Things I didn't know, part 2: Different ways to join yarn

There are so many things that I don't know about knitting, and each time I think I have something sussed, I discover there's a whole selection of different techniques I haven't heard of. Take joining new yarn (at the end of a ball or for a colour change) as an example.
Different ways to join yarn
Selvedge: When I first started knitting, I only knew about knitting flat and joining yarn at the beginning of a row so the ends could be hidden in the seam. Simple. Except it wasn't quite so simple, because sometimes every scrap was precious and I didn't want to waste yarn that wouldn't make it to the other side of the work and so it joining in the midst of a row was necessary on occasion.

Double Yarn: When I started working in the round, seams were no longer an option but I didn't want to see the join or to weave-in ends on a visible section of a garment. I tried knitting both yarns double (with the ends in opposite direction) for a small section before switching to the new yarn, but this left one bulky row in the knitting, and there were still two ends to deal with.

Russian Join: Aware of my frustrations, a friend sent me the link to the Russian Join and I thought it was the perfect solution to my problem... 

... but the Russian Join isn't perfect for all yarns, and sometimes there isn't always a tapestry needle to hand.

Splicing: When I wrote about the Russian Join, a few readers recommended Spit Splicing wool yarns, which is essentially a felted join. I know some people love it, but I really don't like this one so much. Perhaps it's the spitting thing, or perhaps it's because it's really quite fiddly.

Double Knot: Last night, after spotting this cute scrap yarn pattern, I wondered what a "Magic Cake" could be, which lead me to the following video from Jane Richmond showing the 'Double Knot' or 'Magic Knot' method...

This looks super... but the comments on this video are quite varied. People seem to either love this method or hate it. It seems to depend on the type of yarn being used, whether it will be machine washed and how the fabric will be treated. I don't think I'd trust my thinnest handspun to this method, but can see that it would work for lots of other yarns and am keen to give it a try.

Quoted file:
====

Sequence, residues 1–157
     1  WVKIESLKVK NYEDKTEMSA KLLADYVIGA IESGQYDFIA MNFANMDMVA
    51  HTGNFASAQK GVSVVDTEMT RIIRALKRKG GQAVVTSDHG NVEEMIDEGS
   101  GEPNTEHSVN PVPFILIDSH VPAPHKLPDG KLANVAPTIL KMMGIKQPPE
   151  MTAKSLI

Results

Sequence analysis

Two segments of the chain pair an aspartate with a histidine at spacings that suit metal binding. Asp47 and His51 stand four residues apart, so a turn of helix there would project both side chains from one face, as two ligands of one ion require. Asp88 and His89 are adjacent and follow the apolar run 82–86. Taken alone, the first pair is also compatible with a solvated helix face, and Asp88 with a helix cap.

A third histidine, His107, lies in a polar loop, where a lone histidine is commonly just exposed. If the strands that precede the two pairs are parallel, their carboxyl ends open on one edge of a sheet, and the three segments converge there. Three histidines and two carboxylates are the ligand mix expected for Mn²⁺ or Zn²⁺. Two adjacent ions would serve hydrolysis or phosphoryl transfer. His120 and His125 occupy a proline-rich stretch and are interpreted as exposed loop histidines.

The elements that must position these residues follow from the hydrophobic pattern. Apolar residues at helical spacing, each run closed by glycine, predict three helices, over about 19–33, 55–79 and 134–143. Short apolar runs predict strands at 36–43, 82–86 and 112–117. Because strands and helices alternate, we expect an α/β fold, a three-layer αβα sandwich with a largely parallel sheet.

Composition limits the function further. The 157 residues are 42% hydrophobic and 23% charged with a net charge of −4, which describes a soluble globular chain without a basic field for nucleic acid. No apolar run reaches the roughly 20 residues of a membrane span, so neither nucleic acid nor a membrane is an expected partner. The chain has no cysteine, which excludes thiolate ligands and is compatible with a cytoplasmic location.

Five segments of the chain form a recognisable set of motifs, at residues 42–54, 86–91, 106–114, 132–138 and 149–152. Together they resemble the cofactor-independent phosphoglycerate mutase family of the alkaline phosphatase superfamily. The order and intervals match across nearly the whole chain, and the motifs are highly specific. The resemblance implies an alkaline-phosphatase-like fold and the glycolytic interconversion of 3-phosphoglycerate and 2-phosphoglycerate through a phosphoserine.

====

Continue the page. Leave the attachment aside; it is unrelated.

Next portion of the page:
These days, when I have a knitting question I consult June Hemmons Hiatt for guidance and when I did this, discovered a few more options including the Twined knit tie-on (alternating stitches from each yarn rather than using both together as in double yarn variation, borrowed from Twined knitting) and Purl Inlay tie-on (borrowed from the purl inlay colour technique where the ends are weaved in as you knit).

It seems there are many methods, but not one that is suitable for every occasion. There is only one thing that does seem certain:
Unfortunately, no matter how you join the yarns or weave the ends into fabric, the last little bit may refuse to stay put because the fabric is stretchy. I have yet to find any solution to this short of acceptance - hide most of the end using whatever method you choose, and cut the rest off. 
June Hemmons Hiatt, The Principles of Knitting, p592 

So which technique do you use most often? Are there any you don't get on with? I'd love to know.


  1. Since I primarily use wool yarns, the felted/spit-splice join works just fine for me. You can use water, too, it doesn't have to be spit! But since discovering the magic knot recently it's become my favorite, especially for silk blends that don't felt together. I find the knot is barely noticeable in the finished fabric and it eliminates all ends and areas of double thickness.

  2. Double knot for me every time. I have tried splicing when using wool yarn but I just can't get it to work.

  3. I mostly use the double.knot method. Russian can be hard to weave in the end into the yarn.

  4. I knot myself, I can't use wool and like to machine wash things when I can and knots are stable

  5. I use Russian join even if the end doesn't always stay put. It's a lot more reliable than the double knot.


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